I quit Facebook last year because I was annoyed by the ads and because I thought that the privacy settings were no longer in step with the product. I used to be able to imagine with some accuracy how my information would appear to other people on the site, but I stopped being able to do that. I literally don't have the brainpower to imagine who could see my profile on Graph Search and under what circumstances. Stuff on my profile I thought was innocuous could, under the shadow cast by a certain kind of query, appear really damning. (See all those folks who say they're interested in men and women and really are just looking for friends of any gender.)

I don't trust that a for-profit corporation can step into the big question-mark filled space created by the limitations of human comprehension and handle it responsibly. Especially not when Tom Stocky, co-leader of the Graph Search project, demonstrated Graph Search with the example of "single women who live near me". Fuck those guys.
posted by guybrush_threepwood at 1:10 PM on January 23, 2013 [2 favorites]


I'm okay with this, but I figure I'm weird enough that the more I put myself out there publiclly online the more likely it is that people who are into or interested in me will find me.

And MySpace let you do this too - you could search for single women in your area. The big problem is the paralysis of choice - with 1800 friends and access to this data there are way too many people to keep track of, and messaging them seems both oddly intimate (since you see their Walls) and like shouting into the void.
posted by Charlemagne In Sweatpants at 1:16 PM on January 23, 2013


Although your point is definitely valid, I think the Falun Gong one is instructive on this. It's for family members of (people who live in China and like Falun Gong). A better search might have been "people who live in China and (have family members who like Falun Gong)".

While I'm the first to admit I don't know much about the Chinese crackdown on Falun Gong practitioners, I would not be surprised if cause enough for interrogation / danger is if you have family members who are practitioners. And this search finds those people, even though they didn't post anything online other than their familial relationships. My search finds them even if the family is somewhere safe, but they're not. They didn't post any unreasonable info at all.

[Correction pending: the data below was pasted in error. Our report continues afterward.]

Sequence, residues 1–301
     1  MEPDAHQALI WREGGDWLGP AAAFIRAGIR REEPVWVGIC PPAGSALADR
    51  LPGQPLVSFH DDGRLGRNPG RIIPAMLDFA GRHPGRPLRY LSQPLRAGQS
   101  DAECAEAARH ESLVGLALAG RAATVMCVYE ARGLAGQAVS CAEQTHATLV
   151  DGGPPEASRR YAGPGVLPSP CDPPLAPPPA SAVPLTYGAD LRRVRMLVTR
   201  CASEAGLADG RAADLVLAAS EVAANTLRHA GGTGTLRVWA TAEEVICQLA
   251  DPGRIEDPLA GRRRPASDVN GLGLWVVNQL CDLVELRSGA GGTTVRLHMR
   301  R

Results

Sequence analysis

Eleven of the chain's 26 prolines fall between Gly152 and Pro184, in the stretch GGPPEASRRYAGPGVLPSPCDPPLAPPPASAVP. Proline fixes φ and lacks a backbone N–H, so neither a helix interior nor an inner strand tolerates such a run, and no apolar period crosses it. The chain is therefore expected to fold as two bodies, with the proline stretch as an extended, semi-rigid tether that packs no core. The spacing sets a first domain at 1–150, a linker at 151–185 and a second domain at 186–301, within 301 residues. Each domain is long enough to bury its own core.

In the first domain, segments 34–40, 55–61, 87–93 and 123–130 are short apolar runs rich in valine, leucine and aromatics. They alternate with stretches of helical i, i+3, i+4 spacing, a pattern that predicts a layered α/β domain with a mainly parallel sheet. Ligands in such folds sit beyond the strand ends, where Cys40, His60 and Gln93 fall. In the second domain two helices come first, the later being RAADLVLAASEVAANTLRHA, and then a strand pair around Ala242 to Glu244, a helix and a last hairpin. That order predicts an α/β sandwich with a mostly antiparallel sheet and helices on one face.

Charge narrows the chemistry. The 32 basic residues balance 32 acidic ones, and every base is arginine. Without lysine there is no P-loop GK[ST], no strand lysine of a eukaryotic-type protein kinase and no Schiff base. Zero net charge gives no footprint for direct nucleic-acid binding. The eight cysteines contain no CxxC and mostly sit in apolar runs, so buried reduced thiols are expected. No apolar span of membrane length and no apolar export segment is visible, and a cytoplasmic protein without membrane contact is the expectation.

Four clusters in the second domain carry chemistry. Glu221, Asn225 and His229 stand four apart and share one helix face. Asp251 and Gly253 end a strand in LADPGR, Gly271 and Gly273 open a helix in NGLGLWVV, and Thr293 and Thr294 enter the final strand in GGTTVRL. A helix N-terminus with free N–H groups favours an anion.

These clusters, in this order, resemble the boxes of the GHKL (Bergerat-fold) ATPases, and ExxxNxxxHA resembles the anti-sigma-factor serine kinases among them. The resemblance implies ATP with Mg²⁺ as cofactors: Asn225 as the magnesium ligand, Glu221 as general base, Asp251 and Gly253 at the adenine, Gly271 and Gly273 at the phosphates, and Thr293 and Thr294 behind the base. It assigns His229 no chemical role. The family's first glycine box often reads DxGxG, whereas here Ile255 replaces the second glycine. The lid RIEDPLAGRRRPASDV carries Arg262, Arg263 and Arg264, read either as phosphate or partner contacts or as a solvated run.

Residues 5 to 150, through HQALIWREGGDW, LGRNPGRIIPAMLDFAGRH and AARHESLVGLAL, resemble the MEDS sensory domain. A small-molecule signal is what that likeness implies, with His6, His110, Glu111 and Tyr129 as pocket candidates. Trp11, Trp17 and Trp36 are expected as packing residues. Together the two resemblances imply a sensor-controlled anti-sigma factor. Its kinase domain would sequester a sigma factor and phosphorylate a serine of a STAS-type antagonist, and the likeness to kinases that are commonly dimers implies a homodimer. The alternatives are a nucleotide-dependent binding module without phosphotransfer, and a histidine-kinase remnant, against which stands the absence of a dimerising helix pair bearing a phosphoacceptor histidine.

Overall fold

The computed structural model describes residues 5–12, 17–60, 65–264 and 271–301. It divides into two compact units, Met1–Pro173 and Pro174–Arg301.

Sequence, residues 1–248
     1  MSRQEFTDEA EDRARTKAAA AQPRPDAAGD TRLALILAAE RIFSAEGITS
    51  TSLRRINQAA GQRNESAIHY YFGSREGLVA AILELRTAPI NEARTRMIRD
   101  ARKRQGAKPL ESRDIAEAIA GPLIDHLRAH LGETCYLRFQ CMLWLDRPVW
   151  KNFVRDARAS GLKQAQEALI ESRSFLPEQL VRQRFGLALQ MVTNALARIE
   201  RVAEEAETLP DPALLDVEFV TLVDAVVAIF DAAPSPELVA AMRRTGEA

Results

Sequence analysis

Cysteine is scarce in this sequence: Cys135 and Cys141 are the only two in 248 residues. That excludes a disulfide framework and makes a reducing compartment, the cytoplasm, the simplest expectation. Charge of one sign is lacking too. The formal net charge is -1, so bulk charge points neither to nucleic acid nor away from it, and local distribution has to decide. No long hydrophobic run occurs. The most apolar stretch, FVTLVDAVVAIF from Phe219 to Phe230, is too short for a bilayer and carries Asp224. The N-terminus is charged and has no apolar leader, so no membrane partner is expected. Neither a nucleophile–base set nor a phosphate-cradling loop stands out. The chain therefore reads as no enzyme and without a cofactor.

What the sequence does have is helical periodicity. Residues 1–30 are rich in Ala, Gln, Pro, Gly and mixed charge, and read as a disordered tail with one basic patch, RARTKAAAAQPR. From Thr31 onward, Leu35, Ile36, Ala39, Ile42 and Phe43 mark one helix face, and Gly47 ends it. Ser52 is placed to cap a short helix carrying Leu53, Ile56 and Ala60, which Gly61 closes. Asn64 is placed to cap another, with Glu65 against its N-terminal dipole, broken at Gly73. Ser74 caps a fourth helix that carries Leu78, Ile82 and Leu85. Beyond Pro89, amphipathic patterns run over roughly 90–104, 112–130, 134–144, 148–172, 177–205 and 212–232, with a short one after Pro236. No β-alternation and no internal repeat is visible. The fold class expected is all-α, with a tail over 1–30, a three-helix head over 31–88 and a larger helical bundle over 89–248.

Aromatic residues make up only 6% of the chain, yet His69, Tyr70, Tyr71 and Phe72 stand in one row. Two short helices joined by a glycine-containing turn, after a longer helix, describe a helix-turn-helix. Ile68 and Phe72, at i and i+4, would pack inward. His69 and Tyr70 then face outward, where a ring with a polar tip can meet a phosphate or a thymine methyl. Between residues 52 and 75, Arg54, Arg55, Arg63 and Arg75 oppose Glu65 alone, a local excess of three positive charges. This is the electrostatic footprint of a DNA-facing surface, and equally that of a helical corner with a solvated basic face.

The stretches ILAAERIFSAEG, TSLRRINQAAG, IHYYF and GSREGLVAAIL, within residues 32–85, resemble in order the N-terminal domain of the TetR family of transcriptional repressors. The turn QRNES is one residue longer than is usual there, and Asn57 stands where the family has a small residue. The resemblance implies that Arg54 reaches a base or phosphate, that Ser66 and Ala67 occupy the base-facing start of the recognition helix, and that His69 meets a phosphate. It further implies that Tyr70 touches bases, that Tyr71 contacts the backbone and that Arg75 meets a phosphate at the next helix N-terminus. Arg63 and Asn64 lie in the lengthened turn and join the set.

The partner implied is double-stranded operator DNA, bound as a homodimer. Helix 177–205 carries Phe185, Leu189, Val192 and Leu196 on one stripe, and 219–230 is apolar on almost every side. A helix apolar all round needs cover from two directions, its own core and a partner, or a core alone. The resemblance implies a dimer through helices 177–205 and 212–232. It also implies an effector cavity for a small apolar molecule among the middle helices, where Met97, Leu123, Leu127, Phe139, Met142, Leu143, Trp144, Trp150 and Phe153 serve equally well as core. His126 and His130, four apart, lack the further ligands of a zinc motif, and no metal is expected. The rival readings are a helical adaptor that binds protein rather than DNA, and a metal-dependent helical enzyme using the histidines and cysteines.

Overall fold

This is a very important point. As I said - there may be some connections that you don't want people to make.
posted by His thoughts were red thoughts at 2:26 PM on January 23, 2013 [1 favorite]


Are married men who like prostitutes really affirming that on Facebook? The Falun Gong one is much more troubling, as it works based on friends' or family members' professions, not yours.
posted by benbenson at 2:29 PM on January 23, 2013


Wait, what? They don't limit your results to people you're already friends with?

They do. Or public profiles. But many people friend anyone who asks, not just their actual friends. Anyway, there may be connections that you don't want your friends to make.

Actually, under "Extend your search", it looks like you can also search the profiles of friends of friends, not just the profiles of friends and public profiles.


To clarify, you may only search those profiles which you already have access to, whether it be friends, friends of friends, or public profiles. Graph Search doesn't give to access to anything you couldn't see before; it just makes it easier to search.